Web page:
5. Dose response: Prepare appropriate test dilutions in acetone. Select a series of concentrations to give a range of mortality for a clear dose response for the insecticide(s) being evaluated. At least 3 doses should provide a range of mortality between 30% and 95% in order to be able to provide an accurate dose response curve.

    Discriminating doses: Discriminating doses can provide a more resource favorable way of surveying insect susceptibility in the field. Prior to determining appropriate discriminating doses it is important to determine the natural variations in insect susceptibility to the insecticide (baseline susceptibility). It is recommended to test 10-20 populations of the target insect collected from variously locations using dose response assays.

    Discriminating doses are often selected on a fixed susceptibility value such as the concentration of the insecticide which provides 90%, 95% or 99% mortality and multiplications of this value, such as 10x the dose that provides 90% mortality. It is important to note that survivorship at these dose does not necessarily indicate resistance and natural variation in susceptibility should also be considered.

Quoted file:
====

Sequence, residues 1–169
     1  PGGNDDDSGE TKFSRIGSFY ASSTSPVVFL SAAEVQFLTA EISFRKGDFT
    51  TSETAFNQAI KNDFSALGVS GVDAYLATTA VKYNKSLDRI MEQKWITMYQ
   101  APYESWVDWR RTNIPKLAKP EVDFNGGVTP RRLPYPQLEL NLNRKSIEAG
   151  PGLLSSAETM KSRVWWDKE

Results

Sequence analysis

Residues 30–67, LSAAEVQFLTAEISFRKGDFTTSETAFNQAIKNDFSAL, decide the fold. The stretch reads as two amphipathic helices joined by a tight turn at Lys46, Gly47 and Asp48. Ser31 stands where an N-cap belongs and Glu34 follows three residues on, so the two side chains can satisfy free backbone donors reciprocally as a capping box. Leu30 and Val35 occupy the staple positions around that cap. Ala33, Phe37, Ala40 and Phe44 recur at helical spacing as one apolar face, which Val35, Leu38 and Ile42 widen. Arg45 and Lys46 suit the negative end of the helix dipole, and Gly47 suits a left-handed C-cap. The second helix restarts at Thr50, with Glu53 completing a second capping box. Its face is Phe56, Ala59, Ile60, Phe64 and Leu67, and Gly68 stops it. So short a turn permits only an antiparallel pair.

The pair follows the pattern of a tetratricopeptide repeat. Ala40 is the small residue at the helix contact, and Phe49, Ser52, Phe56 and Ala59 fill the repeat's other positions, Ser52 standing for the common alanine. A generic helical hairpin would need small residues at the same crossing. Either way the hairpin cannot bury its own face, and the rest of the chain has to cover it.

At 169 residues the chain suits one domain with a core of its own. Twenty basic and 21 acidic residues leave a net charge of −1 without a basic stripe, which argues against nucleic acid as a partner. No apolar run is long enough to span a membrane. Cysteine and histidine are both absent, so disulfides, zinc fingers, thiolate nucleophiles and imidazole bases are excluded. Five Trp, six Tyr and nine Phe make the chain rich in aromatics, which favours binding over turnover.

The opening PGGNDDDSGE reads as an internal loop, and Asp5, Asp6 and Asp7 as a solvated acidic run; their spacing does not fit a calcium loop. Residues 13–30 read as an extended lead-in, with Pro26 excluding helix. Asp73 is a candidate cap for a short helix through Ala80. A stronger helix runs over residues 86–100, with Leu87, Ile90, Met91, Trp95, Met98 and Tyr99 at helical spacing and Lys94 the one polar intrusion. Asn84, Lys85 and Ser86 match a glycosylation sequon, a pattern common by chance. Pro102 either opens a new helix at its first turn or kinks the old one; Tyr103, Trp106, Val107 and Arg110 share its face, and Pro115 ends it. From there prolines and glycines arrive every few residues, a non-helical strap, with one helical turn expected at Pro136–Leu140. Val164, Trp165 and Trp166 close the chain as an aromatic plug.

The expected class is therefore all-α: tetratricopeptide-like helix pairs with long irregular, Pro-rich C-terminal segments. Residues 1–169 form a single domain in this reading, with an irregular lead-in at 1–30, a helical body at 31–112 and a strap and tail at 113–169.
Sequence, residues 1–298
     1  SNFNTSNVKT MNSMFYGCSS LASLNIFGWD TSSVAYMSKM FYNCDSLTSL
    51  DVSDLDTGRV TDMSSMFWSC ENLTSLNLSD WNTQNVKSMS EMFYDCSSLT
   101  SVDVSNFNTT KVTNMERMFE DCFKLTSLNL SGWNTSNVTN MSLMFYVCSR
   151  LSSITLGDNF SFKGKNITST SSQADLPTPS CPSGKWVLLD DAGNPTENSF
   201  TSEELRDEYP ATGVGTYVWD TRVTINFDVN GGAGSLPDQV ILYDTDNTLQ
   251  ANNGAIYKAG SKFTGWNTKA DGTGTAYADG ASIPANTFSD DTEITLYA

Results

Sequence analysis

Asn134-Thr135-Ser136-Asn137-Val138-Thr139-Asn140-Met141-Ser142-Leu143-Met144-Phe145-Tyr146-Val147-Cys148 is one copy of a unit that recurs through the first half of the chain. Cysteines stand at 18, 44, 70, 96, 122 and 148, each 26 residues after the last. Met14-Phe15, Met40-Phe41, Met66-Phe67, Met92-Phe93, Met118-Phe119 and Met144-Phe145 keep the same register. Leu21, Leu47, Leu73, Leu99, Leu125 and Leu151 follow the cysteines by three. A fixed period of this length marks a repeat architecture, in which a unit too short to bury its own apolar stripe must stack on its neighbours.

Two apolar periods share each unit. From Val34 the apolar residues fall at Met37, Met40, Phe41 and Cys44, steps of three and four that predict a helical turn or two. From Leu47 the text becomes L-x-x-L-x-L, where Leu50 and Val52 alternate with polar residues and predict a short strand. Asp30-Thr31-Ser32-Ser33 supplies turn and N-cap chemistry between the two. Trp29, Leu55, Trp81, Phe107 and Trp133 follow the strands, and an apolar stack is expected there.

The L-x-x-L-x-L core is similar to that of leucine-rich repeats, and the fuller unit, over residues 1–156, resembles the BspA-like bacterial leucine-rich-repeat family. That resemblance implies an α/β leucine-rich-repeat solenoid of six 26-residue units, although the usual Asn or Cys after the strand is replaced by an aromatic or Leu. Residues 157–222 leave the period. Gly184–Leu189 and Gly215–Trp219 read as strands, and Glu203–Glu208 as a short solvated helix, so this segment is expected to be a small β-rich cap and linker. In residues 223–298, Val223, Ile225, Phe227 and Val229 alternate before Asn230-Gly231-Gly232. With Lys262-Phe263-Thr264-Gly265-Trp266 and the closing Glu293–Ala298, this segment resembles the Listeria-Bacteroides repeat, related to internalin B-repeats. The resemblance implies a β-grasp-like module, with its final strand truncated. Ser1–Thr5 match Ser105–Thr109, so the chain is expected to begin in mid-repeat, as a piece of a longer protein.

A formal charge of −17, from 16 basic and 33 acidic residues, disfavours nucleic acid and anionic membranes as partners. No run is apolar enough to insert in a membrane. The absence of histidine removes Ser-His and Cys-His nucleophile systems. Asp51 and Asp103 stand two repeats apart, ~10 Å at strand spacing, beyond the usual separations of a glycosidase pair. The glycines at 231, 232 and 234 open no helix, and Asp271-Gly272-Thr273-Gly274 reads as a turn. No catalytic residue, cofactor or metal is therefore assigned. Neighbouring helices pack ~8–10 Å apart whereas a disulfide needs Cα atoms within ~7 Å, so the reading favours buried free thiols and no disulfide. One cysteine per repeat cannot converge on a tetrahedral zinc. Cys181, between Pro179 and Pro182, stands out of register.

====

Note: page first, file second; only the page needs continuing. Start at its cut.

Alternatively, a dose which is considered to be the equivalent of the recommended field rate and multiples of this rate are sometimes used as discriminating doses (e.g. 200%, 100% and 20% of the typical field application rate) Field rates (g active ingredient (a.i./ha) can be converted to µg/cm² by simply multiplying by 0.01. However researchers should consider that exposure to a technical insecticide on a glass surface does not necessarily represent the same level of insecticide exposure that an insect may experience whilst inhabiting plant material treated with a commercial formulation of the same insecticide.

    NOTE: Field rates will likely be different for each compound being tested, when preparing test solutions, refer to the labeled rate for the compound being tested. Additional rates are required if a full dose response for the generation of accurate susceptibility data (LC50 values) is desired.